1 week ago
How long have you had these plants? I'm not really sure what's causing it, but my plants do this every year, usually when they transition from indoor to outdoor in the spring. It could be a bunch of different micro-nutrients as well as nitrogen, so take a look at this pdf. http://landresources.montana.edu/nm/documents/NM9.pdf This is my standard go-to for plant nutrient deficiencies. I've also attached two pdf files that have charts for various deficiencies. Hopefully one or all of these resources will help.
1 week ago

Mike Jay wrote:That's where the PEL program could take over.  Or the PEM program.  That is, Lauren's version or Mike's version.  Lauren's might be specifically for conditions in her area of Utah.  Mine might be a really good program for cold forested areas.  Mine wouldn't have any excavator use in it (since I don't have one) but it might focus more on things like cordwood construction, foraging, maple syrup, etc.



My point is that there are many people in other environments who could easily use PEP with just a few minor wording changes. Several have said this is good for them who are in very different environments, which tells me that the list and structure WORKS for a large number of people. Without changing any part of the intent, this could reach a much broader base. By changing "within 500 feet" to "on the property" it is opened up to people who have much larger properties while maintaining the intent of not using imported materials.

My own structure would probably be PESD (Permaculture Experience Small scale Desert) rather than PEL, just because people are going to look at the L and say "who's that?" And for those who read aloud, PESD might make someone laugh.
1 week ago

William Schlegel wrote:"all of this is completed without imports (except seeds) from more than 500 feet away" Here is a quote from the second badge level. To do the second badge level with this requirement on my current property I would need to plant some poplars where I plan to do a future Hugel and wait! Or do it somewhere else.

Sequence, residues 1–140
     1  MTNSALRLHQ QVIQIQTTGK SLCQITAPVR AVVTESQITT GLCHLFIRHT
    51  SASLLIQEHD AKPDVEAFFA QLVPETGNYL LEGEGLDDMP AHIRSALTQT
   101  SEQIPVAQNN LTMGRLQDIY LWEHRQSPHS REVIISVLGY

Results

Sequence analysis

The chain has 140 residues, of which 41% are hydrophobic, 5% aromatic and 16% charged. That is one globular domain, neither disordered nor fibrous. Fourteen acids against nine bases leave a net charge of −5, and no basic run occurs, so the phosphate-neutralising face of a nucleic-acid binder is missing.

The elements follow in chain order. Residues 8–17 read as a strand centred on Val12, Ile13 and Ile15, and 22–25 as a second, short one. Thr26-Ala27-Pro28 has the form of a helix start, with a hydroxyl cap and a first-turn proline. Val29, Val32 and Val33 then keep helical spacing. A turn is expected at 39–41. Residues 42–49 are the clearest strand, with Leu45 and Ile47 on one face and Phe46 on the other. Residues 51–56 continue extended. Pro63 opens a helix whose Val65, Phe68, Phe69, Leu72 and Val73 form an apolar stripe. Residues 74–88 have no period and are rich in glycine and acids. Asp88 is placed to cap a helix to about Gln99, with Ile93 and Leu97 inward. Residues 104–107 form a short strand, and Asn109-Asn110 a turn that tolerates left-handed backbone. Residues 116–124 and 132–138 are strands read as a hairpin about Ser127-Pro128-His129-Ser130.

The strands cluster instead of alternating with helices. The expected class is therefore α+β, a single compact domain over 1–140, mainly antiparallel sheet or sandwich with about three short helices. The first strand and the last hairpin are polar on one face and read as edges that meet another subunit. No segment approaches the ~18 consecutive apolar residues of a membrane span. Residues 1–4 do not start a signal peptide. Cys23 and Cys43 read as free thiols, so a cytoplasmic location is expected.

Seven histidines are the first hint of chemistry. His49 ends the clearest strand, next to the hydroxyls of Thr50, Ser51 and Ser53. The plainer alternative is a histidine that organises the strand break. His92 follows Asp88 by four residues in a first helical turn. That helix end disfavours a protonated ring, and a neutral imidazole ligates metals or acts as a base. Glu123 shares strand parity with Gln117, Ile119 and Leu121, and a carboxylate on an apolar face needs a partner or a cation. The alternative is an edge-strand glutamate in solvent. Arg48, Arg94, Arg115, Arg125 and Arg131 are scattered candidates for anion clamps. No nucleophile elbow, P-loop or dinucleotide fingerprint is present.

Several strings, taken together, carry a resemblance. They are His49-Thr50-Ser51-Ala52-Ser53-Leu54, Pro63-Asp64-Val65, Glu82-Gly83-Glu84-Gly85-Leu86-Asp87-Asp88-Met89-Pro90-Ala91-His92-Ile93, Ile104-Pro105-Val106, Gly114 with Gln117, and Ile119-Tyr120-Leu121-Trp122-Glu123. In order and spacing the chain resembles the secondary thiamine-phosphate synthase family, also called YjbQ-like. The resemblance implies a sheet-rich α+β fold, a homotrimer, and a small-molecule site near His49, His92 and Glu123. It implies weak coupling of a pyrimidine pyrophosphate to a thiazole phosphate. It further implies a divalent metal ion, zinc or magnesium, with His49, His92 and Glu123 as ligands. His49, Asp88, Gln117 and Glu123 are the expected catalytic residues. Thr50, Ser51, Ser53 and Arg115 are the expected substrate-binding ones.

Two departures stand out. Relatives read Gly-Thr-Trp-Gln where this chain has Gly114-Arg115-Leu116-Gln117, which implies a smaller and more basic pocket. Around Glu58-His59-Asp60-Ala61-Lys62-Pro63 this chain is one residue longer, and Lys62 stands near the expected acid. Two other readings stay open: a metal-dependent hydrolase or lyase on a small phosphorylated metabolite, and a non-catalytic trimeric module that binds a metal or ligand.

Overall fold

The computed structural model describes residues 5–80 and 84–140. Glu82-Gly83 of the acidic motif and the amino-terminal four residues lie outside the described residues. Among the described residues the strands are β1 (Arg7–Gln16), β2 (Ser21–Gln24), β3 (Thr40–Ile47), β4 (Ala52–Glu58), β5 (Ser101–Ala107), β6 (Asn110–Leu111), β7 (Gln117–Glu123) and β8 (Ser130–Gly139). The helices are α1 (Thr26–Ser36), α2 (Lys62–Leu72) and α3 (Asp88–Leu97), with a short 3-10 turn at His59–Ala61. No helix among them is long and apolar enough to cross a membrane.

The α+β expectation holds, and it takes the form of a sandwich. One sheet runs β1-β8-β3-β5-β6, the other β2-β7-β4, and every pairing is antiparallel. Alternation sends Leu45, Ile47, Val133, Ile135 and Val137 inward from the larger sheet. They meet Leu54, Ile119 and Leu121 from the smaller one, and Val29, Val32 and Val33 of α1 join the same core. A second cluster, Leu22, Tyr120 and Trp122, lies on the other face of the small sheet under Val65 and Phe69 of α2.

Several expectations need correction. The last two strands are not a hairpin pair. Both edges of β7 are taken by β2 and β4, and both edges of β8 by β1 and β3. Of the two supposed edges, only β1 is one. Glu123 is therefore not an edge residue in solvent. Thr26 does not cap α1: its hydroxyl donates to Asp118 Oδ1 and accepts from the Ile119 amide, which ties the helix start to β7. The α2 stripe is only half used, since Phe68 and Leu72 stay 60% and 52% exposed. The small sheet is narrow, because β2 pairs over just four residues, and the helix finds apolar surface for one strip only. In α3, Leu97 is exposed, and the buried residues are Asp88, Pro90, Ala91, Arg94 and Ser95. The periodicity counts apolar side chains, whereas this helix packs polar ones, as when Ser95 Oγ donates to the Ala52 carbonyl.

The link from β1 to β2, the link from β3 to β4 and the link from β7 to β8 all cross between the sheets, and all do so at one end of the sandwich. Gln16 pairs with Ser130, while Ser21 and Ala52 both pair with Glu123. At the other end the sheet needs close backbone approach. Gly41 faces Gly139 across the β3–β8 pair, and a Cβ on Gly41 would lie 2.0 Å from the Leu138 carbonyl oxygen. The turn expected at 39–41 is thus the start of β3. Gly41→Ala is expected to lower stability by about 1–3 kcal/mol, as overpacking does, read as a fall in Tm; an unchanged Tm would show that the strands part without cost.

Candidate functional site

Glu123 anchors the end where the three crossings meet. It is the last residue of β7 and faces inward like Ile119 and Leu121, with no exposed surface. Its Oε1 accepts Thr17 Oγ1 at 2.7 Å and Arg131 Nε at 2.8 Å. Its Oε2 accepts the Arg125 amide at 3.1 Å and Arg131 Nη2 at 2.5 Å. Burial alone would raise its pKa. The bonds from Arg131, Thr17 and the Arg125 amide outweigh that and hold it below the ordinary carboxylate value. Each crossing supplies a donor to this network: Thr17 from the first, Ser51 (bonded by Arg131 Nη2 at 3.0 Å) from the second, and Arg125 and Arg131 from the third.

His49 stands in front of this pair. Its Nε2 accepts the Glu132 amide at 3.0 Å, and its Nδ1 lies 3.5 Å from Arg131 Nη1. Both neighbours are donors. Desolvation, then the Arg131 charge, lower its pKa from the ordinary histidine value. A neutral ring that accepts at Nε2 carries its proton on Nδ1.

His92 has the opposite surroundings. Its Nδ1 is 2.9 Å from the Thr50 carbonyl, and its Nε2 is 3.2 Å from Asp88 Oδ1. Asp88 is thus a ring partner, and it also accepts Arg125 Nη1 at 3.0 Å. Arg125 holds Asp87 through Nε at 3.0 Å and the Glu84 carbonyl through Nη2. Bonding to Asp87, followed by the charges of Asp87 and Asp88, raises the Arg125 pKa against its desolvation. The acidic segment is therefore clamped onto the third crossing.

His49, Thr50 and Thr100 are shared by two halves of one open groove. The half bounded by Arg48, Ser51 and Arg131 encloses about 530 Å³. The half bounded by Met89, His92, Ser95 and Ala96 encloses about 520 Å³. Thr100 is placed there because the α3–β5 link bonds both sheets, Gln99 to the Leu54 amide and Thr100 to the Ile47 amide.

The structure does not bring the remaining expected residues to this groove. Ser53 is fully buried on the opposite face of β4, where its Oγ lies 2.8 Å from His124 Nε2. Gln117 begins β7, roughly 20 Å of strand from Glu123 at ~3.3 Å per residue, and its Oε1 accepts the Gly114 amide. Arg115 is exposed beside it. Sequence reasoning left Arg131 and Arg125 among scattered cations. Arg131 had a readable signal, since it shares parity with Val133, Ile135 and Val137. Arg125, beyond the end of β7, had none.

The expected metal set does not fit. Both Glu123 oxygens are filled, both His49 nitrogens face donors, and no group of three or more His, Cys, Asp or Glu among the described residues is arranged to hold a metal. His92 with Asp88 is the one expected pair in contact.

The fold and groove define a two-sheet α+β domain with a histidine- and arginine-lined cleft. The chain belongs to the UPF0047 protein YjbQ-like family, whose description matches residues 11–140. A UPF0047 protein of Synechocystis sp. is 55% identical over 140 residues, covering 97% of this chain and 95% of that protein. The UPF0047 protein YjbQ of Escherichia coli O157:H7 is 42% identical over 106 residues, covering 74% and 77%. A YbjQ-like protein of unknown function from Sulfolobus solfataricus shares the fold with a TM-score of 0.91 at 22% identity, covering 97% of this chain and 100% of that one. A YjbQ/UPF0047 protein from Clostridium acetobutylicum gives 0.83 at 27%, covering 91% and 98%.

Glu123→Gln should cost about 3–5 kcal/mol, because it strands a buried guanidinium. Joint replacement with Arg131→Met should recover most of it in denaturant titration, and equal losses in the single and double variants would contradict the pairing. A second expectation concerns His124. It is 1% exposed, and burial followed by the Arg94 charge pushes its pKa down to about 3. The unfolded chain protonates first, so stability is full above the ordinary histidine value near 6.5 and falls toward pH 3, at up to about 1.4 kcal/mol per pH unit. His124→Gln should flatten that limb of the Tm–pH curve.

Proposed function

I've seen this concern a number of times in the comments. I think it could be easily qualified by saying "from more than 500 feet away from the property." That puts all resources from your OWN property (or property you manage) within range.
1 week ago
Good ideas. I'm not too concerned about code enforcement--if I do it right I can create the habitat without making it look over-run or weedy. A matter of plant choice and placement. Future years will be more difficult as everything naturalizes, but I think it can still be done. The quail currently use the fence lines and I'll be putting in a bunch of flowering plants and bushes in the spring. Originally planned as a pollinator garden, if I shift the plan just a little I should be able to create a covered "forage lane" for the birds. Also known as a "landscape strip" along the fence where they already travel. I'll have to think about the right plants. Farther up into the yard will be easier, where it's out of sight of the road.
1 week ago